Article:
All of this is just playing with numbers we don't full understand, of course. But there are an increasing number of large, solid studies showing that healthy lifestyle interventions work. Plus, they have a whole bunch of other benefits - most of them lower risks of heart disease, cancers, depression, diabetes, etc.

And since you are 36 years old, you have time on your side too. In 30 years, for example, a lot will change. For one thing, the gene editing technology that is now new will probably be a standard intervention. Imagine, one day a E4/E4 will become an E3/E3 or even an E2/E2. A recent study showed that this could be done in brain cells in a culture dish, and when they were edited from E4 to E3 the cell rapidly reorganized themselves into better functioning "petri dish brains". Think back 30 years when we had virtually nothing to treat many cancers and HIV/AIDS. Now we do. Cardiologists used to use mortality as an endpoint for all of their studies, and now they generally don't in large part because not enough of their patients die - thank to statins and better diets - to make the statistics work in their studies. Right now, we're not there for dementia. But you have time working for you. Meanwhile we have to take what measures we can (and there are some!), support the research that moves us towards better treatments, be brave and live good, happy lives.

NF52 said "Many wise people believe we are within 5-10 years of knowing how to personalize prevention of dementia." What a great thing to remember. I feel like I want post that all around my house.

If I could offer any advice about that it would be: don't do it alone, involve your loved ones if appropriate; learn more, do more, worry less; and find some meaning in it - join a study, raise funds for research, pass along what you learn here, etc.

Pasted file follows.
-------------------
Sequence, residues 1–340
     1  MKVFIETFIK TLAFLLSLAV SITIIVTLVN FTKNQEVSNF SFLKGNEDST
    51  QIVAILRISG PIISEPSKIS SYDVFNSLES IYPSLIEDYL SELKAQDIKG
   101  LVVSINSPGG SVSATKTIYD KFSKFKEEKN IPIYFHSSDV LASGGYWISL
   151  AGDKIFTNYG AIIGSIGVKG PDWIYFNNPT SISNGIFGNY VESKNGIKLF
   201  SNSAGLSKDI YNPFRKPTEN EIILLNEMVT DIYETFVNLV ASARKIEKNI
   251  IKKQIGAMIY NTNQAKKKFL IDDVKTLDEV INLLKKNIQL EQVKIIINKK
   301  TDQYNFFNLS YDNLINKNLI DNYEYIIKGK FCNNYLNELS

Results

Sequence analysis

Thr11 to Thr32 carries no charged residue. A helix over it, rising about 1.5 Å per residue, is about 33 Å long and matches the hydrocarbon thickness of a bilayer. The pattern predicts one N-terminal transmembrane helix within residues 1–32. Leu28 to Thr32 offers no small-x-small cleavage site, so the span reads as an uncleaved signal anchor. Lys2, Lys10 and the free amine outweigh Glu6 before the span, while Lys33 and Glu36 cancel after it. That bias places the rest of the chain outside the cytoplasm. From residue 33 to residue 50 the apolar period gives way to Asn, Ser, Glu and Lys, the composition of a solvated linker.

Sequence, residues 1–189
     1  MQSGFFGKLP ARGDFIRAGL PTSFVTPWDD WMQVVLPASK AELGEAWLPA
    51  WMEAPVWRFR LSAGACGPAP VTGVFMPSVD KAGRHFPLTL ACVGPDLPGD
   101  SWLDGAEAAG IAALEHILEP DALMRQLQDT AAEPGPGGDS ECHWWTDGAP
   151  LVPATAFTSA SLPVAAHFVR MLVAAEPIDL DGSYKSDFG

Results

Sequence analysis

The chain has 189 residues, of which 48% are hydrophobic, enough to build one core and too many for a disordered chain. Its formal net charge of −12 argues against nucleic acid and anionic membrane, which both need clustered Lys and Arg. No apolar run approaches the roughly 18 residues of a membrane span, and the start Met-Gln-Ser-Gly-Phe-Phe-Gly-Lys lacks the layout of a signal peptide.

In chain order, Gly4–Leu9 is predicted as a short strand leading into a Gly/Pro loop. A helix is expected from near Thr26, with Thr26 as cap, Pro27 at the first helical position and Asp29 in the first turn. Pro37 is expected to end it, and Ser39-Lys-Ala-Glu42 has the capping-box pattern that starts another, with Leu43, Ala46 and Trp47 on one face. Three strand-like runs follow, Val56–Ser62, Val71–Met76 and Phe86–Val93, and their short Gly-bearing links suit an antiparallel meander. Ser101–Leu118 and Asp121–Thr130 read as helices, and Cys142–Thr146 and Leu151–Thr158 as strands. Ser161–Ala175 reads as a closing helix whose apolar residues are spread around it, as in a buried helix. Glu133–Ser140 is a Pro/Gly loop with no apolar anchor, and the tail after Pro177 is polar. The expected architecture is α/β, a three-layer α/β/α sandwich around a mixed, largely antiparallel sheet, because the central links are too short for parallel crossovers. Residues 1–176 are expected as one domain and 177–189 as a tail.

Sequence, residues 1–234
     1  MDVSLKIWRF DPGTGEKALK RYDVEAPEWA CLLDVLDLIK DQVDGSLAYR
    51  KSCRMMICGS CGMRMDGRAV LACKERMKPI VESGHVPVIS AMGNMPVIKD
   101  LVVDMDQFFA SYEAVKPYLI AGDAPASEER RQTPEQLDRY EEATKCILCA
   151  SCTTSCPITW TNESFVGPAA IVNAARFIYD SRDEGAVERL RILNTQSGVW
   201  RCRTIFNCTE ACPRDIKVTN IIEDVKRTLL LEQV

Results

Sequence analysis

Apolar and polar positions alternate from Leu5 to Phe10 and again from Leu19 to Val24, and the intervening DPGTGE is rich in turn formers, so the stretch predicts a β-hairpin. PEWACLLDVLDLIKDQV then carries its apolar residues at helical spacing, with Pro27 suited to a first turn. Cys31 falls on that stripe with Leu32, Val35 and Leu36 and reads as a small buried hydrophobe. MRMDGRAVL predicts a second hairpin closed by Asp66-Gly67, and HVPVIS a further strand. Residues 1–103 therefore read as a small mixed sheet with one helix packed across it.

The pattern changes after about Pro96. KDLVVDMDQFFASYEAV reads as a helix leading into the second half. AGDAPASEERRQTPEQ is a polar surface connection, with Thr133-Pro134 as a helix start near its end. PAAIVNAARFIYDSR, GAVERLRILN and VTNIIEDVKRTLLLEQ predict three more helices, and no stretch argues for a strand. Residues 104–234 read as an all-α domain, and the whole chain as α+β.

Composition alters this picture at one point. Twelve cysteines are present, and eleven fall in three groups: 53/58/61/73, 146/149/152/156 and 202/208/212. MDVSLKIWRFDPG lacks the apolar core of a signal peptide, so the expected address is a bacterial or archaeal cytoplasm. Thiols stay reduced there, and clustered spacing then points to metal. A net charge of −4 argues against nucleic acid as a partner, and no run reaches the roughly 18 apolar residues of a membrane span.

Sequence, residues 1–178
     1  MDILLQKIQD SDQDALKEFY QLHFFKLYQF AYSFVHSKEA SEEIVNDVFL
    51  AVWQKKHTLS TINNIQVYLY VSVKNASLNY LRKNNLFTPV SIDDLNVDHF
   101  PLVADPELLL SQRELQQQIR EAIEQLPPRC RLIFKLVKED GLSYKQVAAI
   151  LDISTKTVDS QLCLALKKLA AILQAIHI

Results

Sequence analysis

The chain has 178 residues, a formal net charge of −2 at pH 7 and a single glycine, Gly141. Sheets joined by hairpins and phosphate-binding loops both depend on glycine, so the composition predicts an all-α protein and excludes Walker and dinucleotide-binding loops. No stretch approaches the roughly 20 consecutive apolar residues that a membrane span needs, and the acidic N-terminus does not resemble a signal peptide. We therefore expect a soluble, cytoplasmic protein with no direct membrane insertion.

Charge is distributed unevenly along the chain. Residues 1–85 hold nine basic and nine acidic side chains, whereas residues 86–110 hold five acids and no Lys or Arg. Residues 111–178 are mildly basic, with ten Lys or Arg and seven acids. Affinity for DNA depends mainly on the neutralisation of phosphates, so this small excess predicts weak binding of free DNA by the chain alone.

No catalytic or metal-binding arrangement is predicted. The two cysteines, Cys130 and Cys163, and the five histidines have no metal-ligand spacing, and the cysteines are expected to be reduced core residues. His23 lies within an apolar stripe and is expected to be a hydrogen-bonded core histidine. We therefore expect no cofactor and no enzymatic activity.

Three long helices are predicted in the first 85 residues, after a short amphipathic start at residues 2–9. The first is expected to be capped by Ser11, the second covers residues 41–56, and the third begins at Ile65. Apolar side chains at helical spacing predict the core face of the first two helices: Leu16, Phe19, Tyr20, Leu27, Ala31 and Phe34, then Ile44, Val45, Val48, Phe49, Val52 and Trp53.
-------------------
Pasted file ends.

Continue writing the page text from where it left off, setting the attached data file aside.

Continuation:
If you have moments where you freak out, that's normal. If it helps, look around and remember that about one in four people you see carries a E4 gene. You're not alone. And something so common will continue to get lots of attention from researchers.

Meanwhile, give yourself permission to have all of those normal feelings.


NF52 - thanks. I needed that today too.
Concerned, but hopeful. Introverted, but will talk about science.

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Re: Age 36 and terrified of being 4x4

Postby Priya » Mon Apr 23, 2018 1:52 pm

I reached out to an Alzheimer’s Prevention community on Facebook and they send me this. It was so helpful to how I have felt over the past 48 hours that I wanted to share with you all too....


Priya, the excellent news is that you are young. There are many advancements being made in this field. Right now there are three ongoing trials: the A4 Study (https://a4study.org/), DIAN (https://dian.wustl.edu/) and the Banner APOE4 Prevention Trial (https://www.alzforum.org/news/conferenc ... tion-trial) The A4 trial enrolled participants who meet a threshold of amyloid in their brains and are asymptomatic. DIAN is testing a drug in people who carry a frank mutation for Alzheimer's. And Banner is testing a drug in people with one or two copies of APOE4. All of the drugs are monoclonal antibody 'vaccines' directed against amyloid. It is likely that one or more of these approaches will work and will be available to the public in the next 10 years.

Another possibility is the development of drugs that block the production of amyloid. There are at least two different pathways that are being researched right now.

The most available approach today is a combination of physical and mental exercise, which appears to delay the manifestations of dementia in those carrying brain lesions for the disease. We have known for some time that just having the brain pathology is not sufficient to cause dementia. About one-third of individuals with severe Alzheimer brain pathology at autopsy are not demented during life. We suspect this is due to brain growth and reserve, that can be influenced by physical and mental exercise.

Is your hypothyroid condition being treated? If so, it should lead to weight loss, which will benefit your brain as well.

With regard to having children, we don't think you should worry because by the time you OR your kids are at the age of risk, it should be possible to prevent Alzheimer's disease altogether. You have time on your side.

We published a book in 2016 about preventing the disease with lifestyle modifications. It is an academic book and may be hard to read, but you can peruse it online and see if it might help. https://www.amazon.com/Alzheimers-Disea ... 0128045388

Let us know if you have any other questions or just want to vent some more!
4x4 and Hashi - Currently anxious but searching for calm